Broadcom Eyes $120B Purchase Offer That Qualcomm May Find Hard To Refuse

Broadcom Eyes $120B Purchase Offer That Qualcomm May Find Hard To Refuse

Qualcomm in November rejected Broadcom's US$70 per share cash-and-stock bid that valued the company at US$103 billion.

In fact, Qualcomm's board concluded that the offer dramatically undervalued the company and presented significant regulatory uncertainty.

In a statement, Qualcomm said it has received the revised offer and its board will review it. The deal, if it goes through, could become the biggest in terms of the number of billions that Broadcom is prepared to give for Qualcomm.

Reports said past year that prominent Qualcomm shareholders could be intrigued by an offer of at least $80 per share, and the latest offer follows a report of sharply lower income amid the company's licensing fight with Apple. It has also proposed to pay Qualcomm a "reverse termination fee" of up to $10 billion if regulators block the deal. One was a report from Nomura analyst Romit Shah, who said Apple (aapl) is planning to drop chips from both Qualcomm and Broadcom in this year's next round of iPhone new models. Broadcom expects the deal to be consummated within 12 months of signing an agreement and is ready to pay a "ticking fee" if it is not.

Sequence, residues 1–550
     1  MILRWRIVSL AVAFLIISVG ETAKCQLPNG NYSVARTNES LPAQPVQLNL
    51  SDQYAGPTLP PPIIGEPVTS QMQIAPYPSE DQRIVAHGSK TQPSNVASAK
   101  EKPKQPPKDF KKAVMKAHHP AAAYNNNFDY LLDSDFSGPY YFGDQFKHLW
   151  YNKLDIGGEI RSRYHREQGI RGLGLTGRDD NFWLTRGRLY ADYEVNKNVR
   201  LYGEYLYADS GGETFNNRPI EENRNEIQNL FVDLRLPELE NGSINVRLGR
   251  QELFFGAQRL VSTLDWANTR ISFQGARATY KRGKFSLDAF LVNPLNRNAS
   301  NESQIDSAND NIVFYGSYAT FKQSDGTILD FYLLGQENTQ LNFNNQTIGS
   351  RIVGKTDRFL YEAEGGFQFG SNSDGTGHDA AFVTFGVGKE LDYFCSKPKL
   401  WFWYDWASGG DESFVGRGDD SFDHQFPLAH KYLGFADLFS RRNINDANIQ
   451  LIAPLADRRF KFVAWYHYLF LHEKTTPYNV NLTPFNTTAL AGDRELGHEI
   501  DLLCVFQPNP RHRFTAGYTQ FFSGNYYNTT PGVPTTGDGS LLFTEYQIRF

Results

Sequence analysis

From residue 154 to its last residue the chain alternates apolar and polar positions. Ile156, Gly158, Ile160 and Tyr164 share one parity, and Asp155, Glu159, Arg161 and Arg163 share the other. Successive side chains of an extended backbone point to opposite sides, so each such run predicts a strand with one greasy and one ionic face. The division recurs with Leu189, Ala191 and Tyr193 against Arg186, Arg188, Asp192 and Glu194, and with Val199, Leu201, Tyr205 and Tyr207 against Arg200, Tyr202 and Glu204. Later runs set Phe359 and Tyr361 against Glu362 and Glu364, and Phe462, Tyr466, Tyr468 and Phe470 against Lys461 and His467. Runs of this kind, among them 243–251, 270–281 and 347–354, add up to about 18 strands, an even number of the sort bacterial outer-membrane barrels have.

Despite the 17% higher bid to near unprecedented territory for the stock, Qualcomm's stock price dropped more than 2% on Monday morning to $64.55. This also happens to be Broadcom's "best and final offer", so if Qualcomm doesn't accept, that's (probably) the end of this whole ordeal. The extra dosh comes out to $60 in cash per Qualcomm share and the remainder in Broadcom shares. It said it would cease its pursuit of Qualcomm if a definitive agreement hadn't been reached by the firm's March 6 annual shareholders meeting or its slate of candidates for the board of directors wasn't elected.

Qualcomm responded that it would consider the offer, but declined to comment further. Qualcomm counters that the regulatory review processes required around the world would take more than 18 months and be fraught with risks.

Broadcom also said it is prepared to pay a significant termination fee if the deal can not obtain the required government regulatory approvals.

In its fight against the hostile takeover, Qualcomm has argued that future growth prospects are strong as it pushes into new markets beyond smartphones, including personal computers, computer servers, automotive semiconductors, radio frequency chips and the Internet of Things gadgets.

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